19 Pages Posted: 10 May 2014
Date Written: August 30, 2013
Amending Canada’s citizenship laws to provide for denaturalization of “traitors and terrorists”, as proposed by the current federal government, is an idea consumed with legal flaws. To comply with international law on the prohibition of citizenship deprivation that would result in statelessness, any such amendments would have to apply only to individuals with dual citizenship. However, targeting those individuals would be very hard to defend against equality-based challenges under the Canadian Charter of Rights and Freedoms. In addition, denaturalization of “traitors and terrorists” might well be perceived as a punitive measure, whose impact and stigma would call for constitutional procedural protections far stronger than those set out in the current Citizenship Act and the proposed revisions to it. Such denaturalization also seems unlikely to advance any clear Canadian national security interest, and would accomplish less than can be done through other laws, including the Criminal Code.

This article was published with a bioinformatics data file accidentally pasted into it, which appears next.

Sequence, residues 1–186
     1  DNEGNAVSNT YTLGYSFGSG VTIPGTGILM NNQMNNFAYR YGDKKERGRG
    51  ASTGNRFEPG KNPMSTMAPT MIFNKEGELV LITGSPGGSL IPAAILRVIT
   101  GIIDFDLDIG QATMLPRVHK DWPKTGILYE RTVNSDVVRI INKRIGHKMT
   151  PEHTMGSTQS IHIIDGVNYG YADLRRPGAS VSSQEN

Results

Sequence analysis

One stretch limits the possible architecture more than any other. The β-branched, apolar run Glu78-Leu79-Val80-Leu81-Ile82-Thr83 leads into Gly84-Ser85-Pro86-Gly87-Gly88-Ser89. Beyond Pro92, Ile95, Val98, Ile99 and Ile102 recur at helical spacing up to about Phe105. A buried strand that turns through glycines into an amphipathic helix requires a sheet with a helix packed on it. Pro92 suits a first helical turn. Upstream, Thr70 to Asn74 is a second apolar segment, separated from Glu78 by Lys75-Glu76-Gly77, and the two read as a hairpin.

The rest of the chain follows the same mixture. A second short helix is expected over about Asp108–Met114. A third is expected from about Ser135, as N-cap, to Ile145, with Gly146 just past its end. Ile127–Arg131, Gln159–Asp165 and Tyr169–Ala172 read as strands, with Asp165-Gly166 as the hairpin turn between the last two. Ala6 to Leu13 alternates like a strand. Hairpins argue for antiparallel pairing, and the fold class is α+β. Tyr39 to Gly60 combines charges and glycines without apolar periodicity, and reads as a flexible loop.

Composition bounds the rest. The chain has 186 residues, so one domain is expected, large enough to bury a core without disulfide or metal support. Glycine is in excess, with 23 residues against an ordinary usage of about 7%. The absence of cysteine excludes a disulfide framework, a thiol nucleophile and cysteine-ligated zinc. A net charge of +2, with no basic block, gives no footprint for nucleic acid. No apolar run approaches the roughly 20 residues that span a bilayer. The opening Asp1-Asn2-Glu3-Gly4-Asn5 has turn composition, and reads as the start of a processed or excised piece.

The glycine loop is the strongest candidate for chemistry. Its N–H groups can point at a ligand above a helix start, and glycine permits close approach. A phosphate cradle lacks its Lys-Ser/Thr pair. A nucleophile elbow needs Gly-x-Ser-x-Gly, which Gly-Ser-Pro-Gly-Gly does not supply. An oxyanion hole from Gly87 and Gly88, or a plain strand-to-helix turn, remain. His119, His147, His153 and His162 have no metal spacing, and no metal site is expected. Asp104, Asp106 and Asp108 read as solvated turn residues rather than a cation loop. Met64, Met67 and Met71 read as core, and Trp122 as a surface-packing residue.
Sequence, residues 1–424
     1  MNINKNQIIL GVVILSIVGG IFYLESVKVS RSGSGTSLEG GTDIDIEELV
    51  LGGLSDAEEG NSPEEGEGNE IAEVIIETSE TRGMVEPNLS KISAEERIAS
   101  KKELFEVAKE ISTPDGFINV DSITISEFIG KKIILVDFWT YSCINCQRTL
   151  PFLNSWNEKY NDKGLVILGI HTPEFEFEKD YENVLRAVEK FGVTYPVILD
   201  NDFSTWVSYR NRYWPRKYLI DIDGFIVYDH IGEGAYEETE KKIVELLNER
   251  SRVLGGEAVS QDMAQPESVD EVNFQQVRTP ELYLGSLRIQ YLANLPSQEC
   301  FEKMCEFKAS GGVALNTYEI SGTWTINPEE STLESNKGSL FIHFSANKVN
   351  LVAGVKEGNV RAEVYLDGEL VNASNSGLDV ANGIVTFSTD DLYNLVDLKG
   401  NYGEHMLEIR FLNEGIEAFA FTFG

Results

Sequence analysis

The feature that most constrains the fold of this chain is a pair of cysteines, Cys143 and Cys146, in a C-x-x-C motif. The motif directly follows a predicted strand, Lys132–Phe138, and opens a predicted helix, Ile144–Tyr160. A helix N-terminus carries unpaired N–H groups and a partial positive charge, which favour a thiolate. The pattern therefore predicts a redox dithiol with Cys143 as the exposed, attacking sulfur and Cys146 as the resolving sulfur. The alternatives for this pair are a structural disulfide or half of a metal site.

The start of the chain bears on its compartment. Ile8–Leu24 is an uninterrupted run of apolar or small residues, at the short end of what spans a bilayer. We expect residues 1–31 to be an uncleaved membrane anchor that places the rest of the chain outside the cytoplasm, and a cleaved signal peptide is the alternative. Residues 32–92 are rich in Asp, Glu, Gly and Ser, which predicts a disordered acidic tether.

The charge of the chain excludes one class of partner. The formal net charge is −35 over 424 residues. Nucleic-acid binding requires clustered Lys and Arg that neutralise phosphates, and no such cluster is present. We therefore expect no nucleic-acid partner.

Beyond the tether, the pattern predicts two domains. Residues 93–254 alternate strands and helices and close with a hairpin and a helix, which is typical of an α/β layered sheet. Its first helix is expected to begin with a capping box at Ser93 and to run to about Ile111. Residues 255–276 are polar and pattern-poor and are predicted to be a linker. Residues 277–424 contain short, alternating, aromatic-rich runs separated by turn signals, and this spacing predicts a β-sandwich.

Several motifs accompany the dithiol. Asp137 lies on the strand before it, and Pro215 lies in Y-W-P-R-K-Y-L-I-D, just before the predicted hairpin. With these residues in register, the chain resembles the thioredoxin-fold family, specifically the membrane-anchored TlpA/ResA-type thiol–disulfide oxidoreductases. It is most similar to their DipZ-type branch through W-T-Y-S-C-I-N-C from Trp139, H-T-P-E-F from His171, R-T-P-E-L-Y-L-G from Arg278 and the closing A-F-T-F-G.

Keywords: citizenship, Canada, revocation, terrorism, terrorist, treason, denaturalization
JEL Classification: K33, K19
Suggested Citation: Suggested Citation
Forcese, Craig, A Tale of Two Citizenships: Citizenship Revocation for 'Traitors and Terrorists' (August 30, 2013). Queen's Law Journal, Vol. 39, No. 2, 2014. Available at SSRN: https://ssrn.com/abstract=2434594 or http://dx.doi.org/10.2139/ssrn.2434594